Though he passed away in 2011, there is still hope that his work may yet solve another mystery...
Who killed a child known only as "The Boy Under the Billboard?"
Frank Bender rose to acclaim in 1989 when he created an age progression bust of a South Jersey fugitive named John List.
List had killed his entire family in Westfield, New Jersey and spent 18 years on the lam.
That's where Frank Bender comes in: He created a bust showing what Bender would look like after so many years on the run, and it was featured on the show "America's Most Wanted."
Just days after that bust went public, List was captured in Virginia.
The detail of that bust, like so many others Frank created, was uncanny in its accuracy.
That's why his final bust is still so important.
Video captures Frank Bender at work inside his studio on South Street in Philadelphia. Bender was laboring over the details of what would turn out to be his final cold case.
It was 2010, and the famed forensic artist, known for his life like images of the dead ... was staring at the grim reality of his own death.
"He called me and said, 'I have really bad news. I had just gone to the doctor and I have terminal cancer, and they are giving me six months," said documentary filmmaker Karen Mintz.
She had just met Bender and, with his blessing, set about filming his last months alive, and his last effort to unravel the mystery of the dead.
It's a case that would become deeply personal for Mintz, Bender, and a lone detective 425 miles south of Philadelphia.
In 1998, a groundskeeper was mowing the lawns under a billboard on the side of Highway 85 in the little town of Mebane, North Carolina.
In a sea of tall grass, the groundskeeper made a dark discovery.
"The light literally catches a white spot," said Mintz.
That white spot that turned out to be the skeletal remains of what police believed to be a boy, 8 to 13 years old.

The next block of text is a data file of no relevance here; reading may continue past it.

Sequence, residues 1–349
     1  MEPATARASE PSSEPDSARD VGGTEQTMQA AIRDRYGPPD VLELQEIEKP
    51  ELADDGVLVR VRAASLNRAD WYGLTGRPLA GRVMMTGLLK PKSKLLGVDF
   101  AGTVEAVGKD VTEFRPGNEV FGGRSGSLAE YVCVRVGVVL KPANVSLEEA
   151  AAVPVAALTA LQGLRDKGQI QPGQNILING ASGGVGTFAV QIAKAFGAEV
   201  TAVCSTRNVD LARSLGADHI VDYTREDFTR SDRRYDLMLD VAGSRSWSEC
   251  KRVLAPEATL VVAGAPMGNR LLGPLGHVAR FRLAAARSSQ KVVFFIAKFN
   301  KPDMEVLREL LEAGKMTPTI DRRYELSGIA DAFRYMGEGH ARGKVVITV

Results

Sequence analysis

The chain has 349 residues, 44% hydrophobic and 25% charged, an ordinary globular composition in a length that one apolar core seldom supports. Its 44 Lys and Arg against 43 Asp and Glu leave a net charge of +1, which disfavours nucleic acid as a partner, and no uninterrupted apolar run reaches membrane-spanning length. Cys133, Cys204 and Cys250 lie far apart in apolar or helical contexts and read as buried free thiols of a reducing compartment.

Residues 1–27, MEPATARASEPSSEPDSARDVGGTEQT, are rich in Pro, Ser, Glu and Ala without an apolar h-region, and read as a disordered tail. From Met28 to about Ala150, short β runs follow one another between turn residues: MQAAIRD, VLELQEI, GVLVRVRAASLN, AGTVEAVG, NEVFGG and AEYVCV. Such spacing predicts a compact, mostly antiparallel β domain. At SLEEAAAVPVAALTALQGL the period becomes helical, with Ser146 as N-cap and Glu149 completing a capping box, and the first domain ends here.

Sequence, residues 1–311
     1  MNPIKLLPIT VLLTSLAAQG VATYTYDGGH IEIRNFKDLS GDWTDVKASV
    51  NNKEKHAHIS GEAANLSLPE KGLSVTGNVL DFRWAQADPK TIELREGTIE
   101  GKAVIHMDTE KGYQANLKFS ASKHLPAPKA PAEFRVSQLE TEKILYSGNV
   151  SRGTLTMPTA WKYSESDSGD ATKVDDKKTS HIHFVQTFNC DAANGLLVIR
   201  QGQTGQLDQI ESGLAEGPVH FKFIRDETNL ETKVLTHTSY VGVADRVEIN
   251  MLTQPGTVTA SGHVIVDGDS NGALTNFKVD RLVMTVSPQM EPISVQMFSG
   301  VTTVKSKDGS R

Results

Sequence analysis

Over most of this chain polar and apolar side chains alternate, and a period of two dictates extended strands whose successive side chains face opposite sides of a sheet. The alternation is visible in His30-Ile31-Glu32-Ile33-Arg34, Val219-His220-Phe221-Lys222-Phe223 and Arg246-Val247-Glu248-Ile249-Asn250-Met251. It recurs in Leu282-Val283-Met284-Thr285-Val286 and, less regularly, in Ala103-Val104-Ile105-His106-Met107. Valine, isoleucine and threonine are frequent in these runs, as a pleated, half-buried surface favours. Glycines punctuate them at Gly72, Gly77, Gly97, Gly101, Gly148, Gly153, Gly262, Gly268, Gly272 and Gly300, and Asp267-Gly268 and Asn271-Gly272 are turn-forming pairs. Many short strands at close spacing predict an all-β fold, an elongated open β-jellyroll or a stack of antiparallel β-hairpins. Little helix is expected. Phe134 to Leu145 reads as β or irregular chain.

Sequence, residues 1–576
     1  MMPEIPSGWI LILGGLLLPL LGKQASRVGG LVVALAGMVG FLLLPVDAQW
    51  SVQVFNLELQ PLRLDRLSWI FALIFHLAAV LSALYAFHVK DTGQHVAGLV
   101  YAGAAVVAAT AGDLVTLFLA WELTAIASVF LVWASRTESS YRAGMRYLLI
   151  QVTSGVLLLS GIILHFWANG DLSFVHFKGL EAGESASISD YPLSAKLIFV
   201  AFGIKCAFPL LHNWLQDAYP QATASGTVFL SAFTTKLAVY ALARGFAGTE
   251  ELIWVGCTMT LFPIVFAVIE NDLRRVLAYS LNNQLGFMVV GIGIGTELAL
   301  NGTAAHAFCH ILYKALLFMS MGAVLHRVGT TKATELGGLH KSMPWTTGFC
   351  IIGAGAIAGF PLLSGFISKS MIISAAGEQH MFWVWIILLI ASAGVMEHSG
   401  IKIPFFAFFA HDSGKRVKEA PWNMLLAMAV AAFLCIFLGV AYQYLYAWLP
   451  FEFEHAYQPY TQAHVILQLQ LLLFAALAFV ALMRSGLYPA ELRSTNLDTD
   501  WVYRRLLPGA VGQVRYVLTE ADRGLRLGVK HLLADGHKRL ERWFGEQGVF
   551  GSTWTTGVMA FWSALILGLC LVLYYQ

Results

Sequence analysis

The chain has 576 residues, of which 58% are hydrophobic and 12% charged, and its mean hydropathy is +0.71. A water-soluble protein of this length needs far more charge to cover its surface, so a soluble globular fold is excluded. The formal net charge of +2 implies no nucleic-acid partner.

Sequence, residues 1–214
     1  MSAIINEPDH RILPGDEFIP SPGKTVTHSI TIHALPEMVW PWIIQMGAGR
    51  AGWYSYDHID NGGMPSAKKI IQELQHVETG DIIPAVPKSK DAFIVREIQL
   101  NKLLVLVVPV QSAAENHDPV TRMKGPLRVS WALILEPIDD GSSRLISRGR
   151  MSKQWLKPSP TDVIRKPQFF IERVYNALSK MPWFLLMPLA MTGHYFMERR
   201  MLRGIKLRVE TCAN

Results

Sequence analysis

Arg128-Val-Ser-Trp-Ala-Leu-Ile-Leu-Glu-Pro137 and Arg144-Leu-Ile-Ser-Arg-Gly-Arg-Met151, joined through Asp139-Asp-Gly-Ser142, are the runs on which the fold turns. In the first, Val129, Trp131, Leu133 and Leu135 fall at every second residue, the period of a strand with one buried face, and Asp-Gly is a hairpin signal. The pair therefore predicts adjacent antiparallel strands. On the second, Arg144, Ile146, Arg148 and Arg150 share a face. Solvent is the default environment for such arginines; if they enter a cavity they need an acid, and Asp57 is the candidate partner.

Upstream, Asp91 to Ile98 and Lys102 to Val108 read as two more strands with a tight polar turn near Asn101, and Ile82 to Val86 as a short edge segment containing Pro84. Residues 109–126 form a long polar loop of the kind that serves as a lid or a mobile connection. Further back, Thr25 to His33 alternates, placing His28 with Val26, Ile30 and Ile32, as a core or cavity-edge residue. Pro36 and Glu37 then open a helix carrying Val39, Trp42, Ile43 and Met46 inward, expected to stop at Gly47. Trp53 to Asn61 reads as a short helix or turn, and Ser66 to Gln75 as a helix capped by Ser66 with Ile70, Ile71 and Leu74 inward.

For a dozen years, that's nearly all investigators there were able to gather about who that boy was.
It was a frustration that prompted detective Tim Horne to make a Hail Mary pass. He sent the boy's skull to Frank Bender, with the hope of getting a face in return.
"He would use clay to sculpt on top of the skull," said Mintz.
Over the next several months, even as he battled cancer that would ultimately claim his life, Bender carefully crafted this a face.
It's a process that's equal parts art and science but the rest? That's up to Bender's brilliance.
"It's a hairstyle it's eyewear it's some weird thing that's not forensic science," said Mintz.
The details that made Bender's work stuff of legend.
And what made the victims, for him, more than just a bust.
"It's like a person is now looking back at you, then you're like, 'What happened to you? Who are you?"
Today, Detective Horne is on the verge of retirement and solving this case is his final goal with this final Bender bust his last best chance.
You can contact him at 919-245-2900
Meanwhile, Karen Mintz is working on a documentary about this case, and you can track its progress at DoesAnyoneKnowMyName.com
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